Since retaking control of the House following the 2018 midterm elections, Democrats have introduced a flurry of climate change-related legislation. While the ambitious Green New Deal resolution grabbed much of the headlines earlier this year, Democrats have continued to roll out various other measures aimed at addressing climate change.
What’s Old is New Again
One policy that has recently garnered renewed focus is a national clean energy standard (CES). A CES is a legal mandate that compels utilities to supply a portion of their power from non- or low-emitting sources. In contrast to renewable portfolio standards (RPSs), CESs allow utilities to meet their obligation through low-carbon technologies beyond renewables, like nuclear power or coal with carbon capture and storage (CCS). Under a CES, regulated entities demonstrate compliance with targets by amassing tradable credits, which they either can earn through their own generation of clean power or purchase from other energy providers. Under many CES designs, energy derived from purely renewable sources is eligible for more credits than energy from sources that emit low amounts of carbon.
Different iterations of a CES have been floated in Congress for over a decade. Notable proposals over the years include the 2010 proposals from Senators Lindsey Graham (R-SC) and Dick Lugar (R-IN). Senator Graham’s stand-alone CES legislation would have required electric utilities to obtain an increasing amount of their power from clean sources starting at 13% in 2013 and capping out at 50% by 2050. Senator Lugar included a similar CES provision in his larger energy bill, which he dubbed the Practical Energy and Climate Plan. Both bills also would have created an energy credit trading program to allow individual generators to trade or sell credits to meet their compliance requirements.
The next year, President Obama advocated for a CES in his 2011 State of the Union address. His CES plan set a more aggressive target, requiring 80% of US electricity to come from clean energy sources by 2035. Under President Obama’s proposal, clean energy would have included nuclear power, efficient natural gas generation and coal with CCS.
The Clean Energy Standard Act of 2019
Last month, Representative Ben Ray Luján (D-NM) and Senator Tina Smith (D-MN) introduced companion CES bills in the House and Senate. Unlike previous legislation that set uniform clean energy thresholds for power providers, the Clean Energy Standard Act of 2019 would base each utility’s clean energy obligation on its 2019 clean energy output. A power producer that had “little deployment” of clean technology would be forced to produce a 2.75% increase of clean energy annually under the legislation. Once 60% of a utility’s power supply is from clean sources, the annual increase required is reduced to 1.75%. The bill would establish a maximum federal obligation of 90% clean energy output by 2040. After that year, utilities would be required to increase their clean energy output 1% per year until they reach 100%. According to Senate staff, the measure would reduce greenhouse gas emissions from electricity generation by nearly 80% by 2035, compared to 2005 levels, and create a net-zero emissions power sector by 2050.
The legislation also would task the Department of Energy with establishing a federal clean energy credit trading program within one year of the bill’s enactment. Under the program, net-zero emission sources would receive one full credit for every megawatt-hour (MWh) of energy sold, while low-carbon sources that emit less than 0.4 metric tons of carbon dioxide per MWh would be eligible for a partial credit.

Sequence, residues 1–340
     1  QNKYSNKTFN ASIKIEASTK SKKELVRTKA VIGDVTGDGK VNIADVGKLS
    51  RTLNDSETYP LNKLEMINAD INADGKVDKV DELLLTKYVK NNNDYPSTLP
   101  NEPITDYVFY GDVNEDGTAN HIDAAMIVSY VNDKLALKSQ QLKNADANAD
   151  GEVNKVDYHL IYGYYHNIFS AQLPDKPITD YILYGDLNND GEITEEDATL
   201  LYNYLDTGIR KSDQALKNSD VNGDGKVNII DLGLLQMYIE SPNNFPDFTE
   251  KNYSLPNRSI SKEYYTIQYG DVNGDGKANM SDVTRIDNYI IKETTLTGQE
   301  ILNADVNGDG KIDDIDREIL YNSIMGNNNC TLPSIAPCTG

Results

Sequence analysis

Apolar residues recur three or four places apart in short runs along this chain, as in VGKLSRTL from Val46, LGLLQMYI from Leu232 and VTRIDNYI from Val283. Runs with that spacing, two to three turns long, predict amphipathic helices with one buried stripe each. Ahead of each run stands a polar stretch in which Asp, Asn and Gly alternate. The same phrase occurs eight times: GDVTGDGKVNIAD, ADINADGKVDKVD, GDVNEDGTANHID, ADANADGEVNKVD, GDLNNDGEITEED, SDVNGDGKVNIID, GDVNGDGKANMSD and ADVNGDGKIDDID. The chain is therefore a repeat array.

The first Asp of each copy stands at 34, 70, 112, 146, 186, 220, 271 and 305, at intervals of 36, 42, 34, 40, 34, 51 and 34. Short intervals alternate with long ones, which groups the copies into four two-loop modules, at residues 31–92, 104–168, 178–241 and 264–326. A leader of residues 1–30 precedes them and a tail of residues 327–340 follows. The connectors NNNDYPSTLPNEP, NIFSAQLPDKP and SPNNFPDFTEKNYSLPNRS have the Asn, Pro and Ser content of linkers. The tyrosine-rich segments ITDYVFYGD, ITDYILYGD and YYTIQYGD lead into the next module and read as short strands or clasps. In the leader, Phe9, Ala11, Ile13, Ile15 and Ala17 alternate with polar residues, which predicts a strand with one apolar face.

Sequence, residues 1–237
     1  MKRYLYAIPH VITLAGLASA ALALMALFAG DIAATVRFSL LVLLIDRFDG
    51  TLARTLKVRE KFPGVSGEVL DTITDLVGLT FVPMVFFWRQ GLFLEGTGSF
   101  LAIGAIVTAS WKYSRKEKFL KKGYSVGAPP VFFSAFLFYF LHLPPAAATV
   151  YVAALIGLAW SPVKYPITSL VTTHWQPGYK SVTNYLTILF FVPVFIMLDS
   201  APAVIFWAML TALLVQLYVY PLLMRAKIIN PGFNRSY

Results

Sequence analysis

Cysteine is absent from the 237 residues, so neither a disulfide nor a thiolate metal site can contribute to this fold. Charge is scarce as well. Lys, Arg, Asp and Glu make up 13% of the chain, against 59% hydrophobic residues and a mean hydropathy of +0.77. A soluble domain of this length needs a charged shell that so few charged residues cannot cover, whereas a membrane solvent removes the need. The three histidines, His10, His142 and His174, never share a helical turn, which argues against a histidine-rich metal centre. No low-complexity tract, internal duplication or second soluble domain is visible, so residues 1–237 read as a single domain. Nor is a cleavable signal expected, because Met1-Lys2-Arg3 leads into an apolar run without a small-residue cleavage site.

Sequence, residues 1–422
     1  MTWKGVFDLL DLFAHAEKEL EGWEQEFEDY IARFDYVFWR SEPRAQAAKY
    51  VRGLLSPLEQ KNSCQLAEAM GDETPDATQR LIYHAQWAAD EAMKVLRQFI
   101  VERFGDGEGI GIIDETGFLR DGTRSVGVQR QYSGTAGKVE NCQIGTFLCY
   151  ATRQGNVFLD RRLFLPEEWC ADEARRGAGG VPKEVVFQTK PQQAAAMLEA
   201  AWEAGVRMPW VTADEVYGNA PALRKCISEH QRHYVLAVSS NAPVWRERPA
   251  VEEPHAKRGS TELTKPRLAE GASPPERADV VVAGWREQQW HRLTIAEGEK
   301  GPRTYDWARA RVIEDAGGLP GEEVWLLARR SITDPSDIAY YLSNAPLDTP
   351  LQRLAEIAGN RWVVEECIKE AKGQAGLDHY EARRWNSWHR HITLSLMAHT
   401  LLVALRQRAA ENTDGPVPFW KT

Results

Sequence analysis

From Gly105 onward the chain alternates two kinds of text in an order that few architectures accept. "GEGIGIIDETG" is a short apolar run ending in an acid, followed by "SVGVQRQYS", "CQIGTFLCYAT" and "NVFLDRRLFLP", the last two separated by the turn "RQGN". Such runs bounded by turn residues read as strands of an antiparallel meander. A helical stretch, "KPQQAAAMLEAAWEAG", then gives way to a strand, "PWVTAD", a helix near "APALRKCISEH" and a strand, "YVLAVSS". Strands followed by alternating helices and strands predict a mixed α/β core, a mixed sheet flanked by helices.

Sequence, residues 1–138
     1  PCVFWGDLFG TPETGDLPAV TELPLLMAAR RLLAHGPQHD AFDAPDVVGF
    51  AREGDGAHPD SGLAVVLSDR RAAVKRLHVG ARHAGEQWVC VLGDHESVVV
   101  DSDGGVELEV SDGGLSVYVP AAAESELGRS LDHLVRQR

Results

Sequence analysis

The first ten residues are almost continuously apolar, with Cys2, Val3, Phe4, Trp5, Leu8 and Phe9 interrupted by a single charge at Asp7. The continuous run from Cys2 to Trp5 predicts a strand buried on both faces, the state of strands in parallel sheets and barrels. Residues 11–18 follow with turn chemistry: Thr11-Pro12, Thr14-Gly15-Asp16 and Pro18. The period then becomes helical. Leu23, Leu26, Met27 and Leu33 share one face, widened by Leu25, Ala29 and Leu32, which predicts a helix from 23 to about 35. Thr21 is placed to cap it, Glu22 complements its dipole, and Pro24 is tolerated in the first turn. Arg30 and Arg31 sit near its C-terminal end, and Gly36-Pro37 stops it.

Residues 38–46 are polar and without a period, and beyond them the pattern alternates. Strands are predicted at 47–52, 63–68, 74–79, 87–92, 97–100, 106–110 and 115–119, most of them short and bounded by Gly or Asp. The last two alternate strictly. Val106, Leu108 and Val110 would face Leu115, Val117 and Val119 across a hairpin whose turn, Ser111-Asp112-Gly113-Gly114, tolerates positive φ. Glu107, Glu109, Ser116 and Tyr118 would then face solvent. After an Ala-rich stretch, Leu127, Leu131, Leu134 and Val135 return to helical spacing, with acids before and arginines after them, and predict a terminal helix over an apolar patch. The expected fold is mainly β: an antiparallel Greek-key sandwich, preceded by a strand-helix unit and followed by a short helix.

Generation decisions historically have been made at the state level. More than half the states have developed generation portfolio standards, most often in the form of a RPS. In 1983, Iowa became the first state to implement a RPS with the passage of its Alternative Energy Law. Today, 29 states, Washington DC and three territories have established standards, each with different targets, qualifying energy sources, and credit systems. These standards have played a crucial role in the development of the nation’s renewable energy market. According to a 2018 study released by the Lawrence Berkley National Laboratory, at least half of the growth in US renewable energy generation since 2000 is attributable to state RPSs.
Initially, RPS targets were fairly modest, but in recent years several states have aggressively updated their standards. In 2015, Hawaii became the first state to commit to obtaining all of its electricity from entirely renewable sources by 2045. Three years later, California passed similar legislation that requires the state to obtain 100% zero-carbon electricity in the same year as Hawaii. The District of Columbia passed a bill that obligates the city to gather all its power from renewable sources by 2032.
The wave of state-level clean energy policies has shown little sign of slowing down. In the first half of 2019, New Mexico, Nevada and Washington all passed laws that establish 100% clean energy goals. Additionally, Colorado, Florida, Maine, Massachusetts and New York are considering legislation that would decarbonize their power sectors before 2050. Notably, even states that historically have depended heavily on fossil fuels to meet power demands are considering strict renewable standards. For instance, Wisconsin Governor Tony Evers released a proposed budget in March that would require all the state’s power to be carbon-free by 2050, despite the fact that the state obtained 55% of its power from coal in 2017. Governors of other Midwestern states, like Illinois and Minnesota, have also recently expressed their support for decarbonizing their power sectors by midcentury.
At the federal or state level, government efforts to promote clean energy are accelerating, with significant implications for power supply and the nation’s utility industry.